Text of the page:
About the Environmental History Resources Guide Project
Unlike previous guides focused on significant portions of the Virginia Historical Society’s manuscripts collections, this finding aid was envisioned from its start as an online resource. Although the approach to its formulation mirrors that of our guides to African American, women’s, and Civil War manuscript resources in our holdings, we have tightened the focus here and attempted to streamline the entries in order to get users to pertinent materials quickly and efficiently. Although in the case of some of our largest collections, we have continued to provide a context in entries that at least briefly summarizes the thrust of those collections in terms of scope and content. In many cases our entries in this guide merely focus on what we have identified as potentially useful materials related to environmental history in its broadest applications, leaving it to the researcher to seek out the broader contexts should further inquiry point in that direction.
This effort has grown out of a larger project generously funded by the Virginia Environmental Endowment. The key component of that overall project was the gathering, processing, and description of the VEE’s own archival records, now stored and available for research at the VHS. An extended entry on the VEE records that form the Robert R. Merhige Jr. Environmental History Archive serves as the centerpiece of this guide, but through the vision of the VEE’s executive director, Gerald P. McCarthy, and the members of the VEE board of directors, the VHS was given an opportunity to dig more deeply into its holdings to create a specially focused guide to a rich set of manuscript records that offer keen potential for research into the broadly defined field of environmental history. The entries that join the VEE records description are drawn from collections, both large and small, as well as individually cataloged pieces that have been identified by our archivists as having pertinent research potential. Although we have far from exhausted the possibilities in our holdings, and though we know our collections will continue to grow—two good reasons for this guide to be regularly updated—we feel the guide as it stands now offers numerous opportunities for assessing the availability of study resources and will hopefully motivate researchers to delve even more deeply into our online catalog to seek out kindred materials for study and use.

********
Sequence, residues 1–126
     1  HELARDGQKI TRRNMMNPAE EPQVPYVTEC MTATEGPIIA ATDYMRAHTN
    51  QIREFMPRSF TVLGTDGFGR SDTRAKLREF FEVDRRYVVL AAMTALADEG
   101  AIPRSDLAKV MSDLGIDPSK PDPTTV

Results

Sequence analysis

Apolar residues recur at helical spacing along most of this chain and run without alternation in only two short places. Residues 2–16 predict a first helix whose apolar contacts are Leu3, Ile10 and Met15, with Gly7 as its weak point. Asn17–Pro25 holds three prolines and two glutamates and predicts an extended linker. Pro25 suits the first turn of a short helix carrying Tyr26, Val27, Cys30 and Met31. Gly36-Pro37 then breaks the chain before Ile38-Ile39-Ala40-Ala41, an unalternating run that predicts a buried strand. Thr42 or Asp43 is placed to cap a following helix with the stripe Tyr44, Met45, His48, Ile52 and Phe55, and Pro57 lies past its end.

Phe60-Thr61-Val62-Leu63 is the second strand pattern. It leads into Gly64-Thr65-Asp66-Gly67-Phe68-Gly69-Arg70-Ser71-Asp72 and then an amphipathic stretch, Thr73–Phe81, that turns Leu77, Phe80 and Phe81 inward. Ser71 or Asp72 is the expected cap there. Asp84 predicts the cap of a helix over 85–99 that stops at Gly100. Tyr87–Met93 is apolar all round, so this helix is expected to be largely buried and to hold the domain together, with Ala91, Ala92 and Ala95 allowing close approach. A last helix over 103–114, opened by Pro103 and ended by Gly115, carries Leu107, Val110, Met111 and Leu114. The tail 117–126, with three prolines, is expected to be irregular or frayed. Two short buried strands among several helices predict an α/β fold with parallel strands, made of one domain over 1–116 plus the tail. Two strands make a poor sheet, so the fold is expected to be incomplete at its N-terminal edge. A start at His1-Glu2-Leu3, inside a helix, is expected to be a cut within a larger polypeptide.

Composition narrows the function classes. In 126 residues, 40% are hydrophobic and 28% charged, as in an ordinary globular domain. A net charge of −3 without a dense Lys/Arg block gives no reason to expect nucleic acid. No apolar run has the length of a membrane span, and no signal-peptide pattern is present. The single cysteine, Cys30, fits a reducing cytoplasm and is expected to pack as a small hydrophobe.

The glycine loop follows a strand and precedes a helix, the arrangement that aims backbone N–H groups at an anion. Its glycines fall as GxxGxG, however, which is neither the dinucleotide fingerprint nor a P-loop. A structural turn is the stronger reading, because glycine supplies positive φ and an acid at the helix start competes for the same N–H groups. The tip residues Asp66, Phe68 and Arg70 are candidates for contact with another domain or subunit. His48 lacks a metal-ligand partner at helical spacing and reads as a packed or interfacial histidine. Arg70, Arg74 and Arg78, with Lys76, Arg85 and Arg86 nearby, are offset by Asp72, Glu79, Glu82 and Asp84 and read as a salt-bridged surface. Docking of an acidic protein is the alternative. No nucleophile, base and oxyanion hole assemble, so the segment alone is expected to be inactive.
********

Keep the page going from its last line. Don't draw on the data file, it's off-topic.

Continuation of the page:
The preparation of this guide was supported by a grant from the Virginia Environmental Endowment.